The cell never grew very big, and probably only ever had at most two monks and a prior in residence (hence it is sometimes referred to as Kersal Priory). The only record of the prior’s name is in 1332, when it was recorded as John Ingleby.
In 1535, at the start of King Henry VIII’s destruction of the monasteries, it was valued by the king’s commissioners, Dr Layton and Dr Legh, to be worth £9 6s 8d. These were the same men that determined the monetary value of Upholland Priory near Wigan, just before it was closed (see our page on that monastery here). Three years later, Kersal Cell was dissolved and the crown took the building and the land. What became of the remaining one or two monks is not known, although we can hope they did not share the fate of those at their mother house at Lenton. Here the prior was executed for treason, along with two of his monks and four labourers. The remaining 22 monks were dismissed without a pension.
The land owned by Kersal Cell was leased to John Wood for 21 years and the building itself was sold to Baldwin Willoughby.
The later Tudor house – also called Kersal Cell
There is good evidence that the house we see today is built on the site of the original Cell, pretty soon after Willoughby bought it. (Thirty sandstone blocks were discovered in a recent excavation that would have come from the priory.) It is a ‘cruick-framed’ construction (like so many medieval halls and barns were) and the roof timbers date from the early 1500s. Inside is a plaster wall painting from the same century. This has been described by a local newspaper as featuring “many weird creatures, notably a lion’s head in the centre, and two grinning faces, one on either side. Toads, fish, snakes, and several unknown creatures are also represented”.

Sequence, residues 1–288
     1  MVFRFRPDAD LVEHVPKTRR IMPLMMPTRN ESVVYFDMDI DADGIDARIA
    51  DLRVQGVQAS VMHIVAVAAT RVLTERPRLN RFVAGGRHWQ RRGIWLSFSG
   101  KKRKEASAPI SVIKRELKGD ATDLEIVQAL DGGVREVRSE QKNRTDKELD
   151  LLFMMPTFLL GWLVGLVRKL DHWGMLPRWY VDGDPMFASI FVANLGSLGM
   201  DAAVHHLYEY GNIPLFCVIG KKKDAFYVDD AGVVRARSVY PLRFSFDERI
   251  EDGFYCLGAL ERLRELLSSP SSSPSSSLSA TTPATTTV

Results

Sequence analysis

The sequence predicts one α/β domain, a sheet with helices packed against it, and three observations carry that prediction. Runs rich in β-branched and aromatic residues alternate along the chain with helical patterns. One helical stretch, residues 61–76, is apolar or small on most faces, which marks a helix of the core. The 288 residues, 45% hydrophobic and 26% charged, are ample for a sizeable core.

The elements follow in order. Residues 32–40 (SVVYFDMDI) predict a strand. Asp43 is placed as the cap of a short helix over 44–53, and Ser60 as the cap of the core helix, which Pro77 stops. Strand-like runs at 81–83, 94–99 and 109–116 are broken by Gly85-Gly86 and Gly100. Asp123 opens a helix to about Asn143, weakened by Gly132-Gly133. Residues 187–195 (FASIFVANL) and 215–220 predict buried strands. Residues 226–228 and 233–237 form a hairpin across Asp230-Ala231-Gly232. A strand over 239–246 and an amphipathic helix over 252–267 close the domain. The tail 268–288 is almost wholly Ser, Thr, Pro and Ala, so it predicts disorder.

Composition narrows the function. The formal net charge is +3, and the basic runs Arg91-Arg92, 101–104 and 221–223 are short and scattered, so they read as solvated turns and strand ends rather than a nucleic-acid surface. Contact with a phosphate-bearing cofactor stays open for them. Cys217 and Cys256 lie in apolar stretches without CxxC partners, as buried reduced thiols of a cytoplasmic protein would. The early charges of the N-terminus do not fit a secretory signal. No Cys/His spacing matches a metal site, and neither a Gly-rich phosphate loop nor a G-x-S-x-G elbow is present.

Its most famous resident was the writer John Byrom who lived there in the 1700s. He’s best known for inventing a form of shorthand writing and for his hymn Christians Awake! He also wrote poems in local Lancashire dialect. Here’s a snippet where one of his characters gives his views on what makes a good sermon…
But I ha’ thou’t sometimes haooever good/ A sarmon meeght be better, if it wou’d /
‘At if it cou’d no’ make folks e’en to weep/ It sartinly m’t keep ‘um aw fro’ sleep. /
Yet I ha’ seen ‘um nodding toimes enoo,/ Not only childer, but churchwardens, too.